Because Dr Martyn Lloyd-Jones never said he was Amyraldian, yet preached a Gospel message consistent with the Amyraldian view, reformed men held him to be a "five point Calvinist" as usually understood.  Which he wasn't.  Because he believed in and preached the universality and the universal sufficiency and design of the atonement to save the whole world, dishonest people ignore that this was in reality the case.  Just read his evangelistic sermons and references to this doctrine abound in every sermon and almost on every page.

But, and here's the point; he never said, to the best of my knowledge, that he was an Amyraldian; therefore he must be an Owenite theologically.  Others have said he was an Amyraldian, and there are more than sufficient data to establish this beyond doubt.  He knew and declared that Christ died for the whole world, that He does to take away the sin of the world, that He shed His blood for humanity and for the human race.  Yet our reformed brethren do not seem to take this on board, primarily because it will bring tremendous and irreconcilable distress upon them.  What if they admit the truth?  What will their ultra-reformed brethren think of them?  Will preaching invitations be withdrawn?  Will they be written off an unorthodox or sub-orthodox?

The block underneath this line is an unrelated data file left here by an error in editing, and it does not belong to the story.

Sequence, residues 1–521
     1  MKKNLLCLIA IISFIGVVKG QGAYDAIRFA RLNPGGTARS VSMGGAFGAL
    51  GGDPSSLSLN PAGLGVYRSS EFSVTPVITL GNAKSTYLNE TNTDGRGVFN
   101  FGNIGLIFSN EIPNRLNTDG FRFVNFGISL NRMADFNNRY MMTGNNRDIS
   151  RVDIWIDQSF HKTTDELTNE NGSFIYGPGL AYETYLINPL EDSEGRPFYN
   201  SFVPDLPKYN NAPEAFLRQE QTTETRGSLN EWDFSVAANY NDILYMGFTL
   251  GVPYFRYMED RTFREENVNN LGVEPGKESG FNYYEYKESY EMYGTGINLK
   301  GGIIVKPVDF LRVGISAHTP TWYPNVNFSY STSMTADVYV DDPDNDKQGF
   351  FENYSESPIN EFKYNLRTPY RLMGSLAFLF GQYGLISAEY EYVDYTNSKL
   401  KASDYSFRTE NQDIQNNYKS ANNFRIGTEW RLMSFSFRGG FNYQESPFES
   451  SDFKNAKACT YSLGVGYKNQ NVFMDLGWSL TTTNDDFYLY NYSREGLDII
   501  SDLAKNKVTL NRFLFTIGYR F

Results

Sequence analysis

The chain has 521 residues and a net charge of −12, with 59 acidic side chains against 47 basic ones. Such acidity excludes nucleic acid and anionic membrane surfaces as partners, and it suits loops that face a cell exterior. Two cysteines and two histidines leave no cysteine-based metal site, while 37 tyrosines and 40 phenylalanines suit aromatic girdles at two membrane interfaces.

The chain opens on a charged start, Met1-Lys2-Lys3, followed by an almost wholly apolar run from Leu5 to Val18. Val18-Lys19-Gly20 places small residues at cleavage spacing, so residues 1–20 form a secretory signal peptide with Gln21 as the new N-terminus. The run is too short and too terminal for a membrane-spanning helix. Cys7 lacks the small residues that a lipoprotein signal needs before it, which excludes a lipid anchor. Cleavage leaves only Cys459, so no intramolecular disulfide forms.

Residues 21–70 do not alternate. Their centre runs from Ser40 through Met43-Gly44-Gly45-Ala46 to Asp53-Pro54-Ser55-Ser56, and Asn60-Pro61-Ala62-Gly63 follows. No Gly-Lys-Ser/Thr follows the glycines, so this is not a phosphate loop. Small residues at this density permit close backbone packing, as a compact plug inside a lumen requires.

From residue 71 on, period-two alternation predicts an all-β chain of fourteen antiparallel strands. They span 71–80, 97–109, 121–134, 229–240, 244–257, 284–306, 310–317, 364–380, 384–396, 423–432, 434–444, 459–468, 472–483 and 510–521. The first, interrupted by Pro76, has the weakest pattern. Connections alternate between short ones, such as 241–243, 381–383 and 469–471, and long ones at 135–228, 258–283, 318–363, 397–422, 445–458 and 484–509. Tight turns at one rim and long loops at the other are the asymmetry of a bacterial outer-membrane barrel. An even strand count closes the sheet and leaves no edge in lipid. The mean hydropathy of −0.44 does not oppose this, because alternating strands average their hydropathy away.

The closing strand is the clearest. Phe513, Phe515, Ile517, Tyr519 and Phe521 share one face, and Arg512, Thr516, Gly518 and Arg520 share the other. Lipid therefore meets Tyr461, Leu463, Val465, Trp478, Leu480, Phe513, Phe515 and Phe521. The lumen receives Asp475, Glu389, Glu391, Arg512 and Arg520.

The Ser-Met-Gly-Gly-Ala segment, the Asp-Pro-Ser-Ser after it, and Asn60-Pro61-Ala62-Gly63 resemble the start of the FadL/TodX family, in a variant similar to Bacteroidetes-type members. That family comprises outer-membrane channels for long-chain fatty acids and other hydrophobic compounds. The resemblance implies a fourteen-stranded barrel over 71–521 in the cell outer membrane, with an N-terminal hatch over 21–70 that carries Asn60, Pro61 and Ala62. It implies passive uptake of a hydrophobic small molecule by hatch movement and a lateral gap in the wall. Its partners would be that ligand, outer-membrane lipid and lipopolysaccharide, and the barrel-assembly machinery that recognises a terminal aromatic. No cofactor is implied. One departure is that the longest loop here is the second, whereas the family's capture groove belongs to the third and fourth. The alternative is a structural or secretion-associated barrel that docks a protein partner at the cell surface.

The lesson: don't admit to what you really believe and don't put a name to it, and you'll be accepted by your peers as a totally orthodox theologian.  The high orthodox men appear to be happy in a world of no definition, because the moment you define as precisely as possible the meaning of a thing, you are in for trouble. 

It appears that the church today does not want men who follow faithfully to the biblical Gospel as expounded by Calvin and his faithful followers.  Calvin's Gospel is too wide for them, for to adopt and preach it, you will end up possibly diluting your small and pure church membership, thus making ministerial life difficult for yourself.

However, what the church needs most of all is a Gospel that is as wide as God's mercy to mankind allows and as particular as His sovereign grace operates.  Christ's death on Calvary is sufficient enough to save the whole world and it is also efficient and effective enough to infallibly save the elect of God.

As George Whitefield so rightly said, "Take sinners to the primary school of repentance and faith before taking them to the university of election and predestination."

Whatever Happened To Scientific Method?

A strange question on a theological blog, you might think.  But think again.  My initial academic training was in science, and this taught me how sound conclusions must be drawn from observable facts.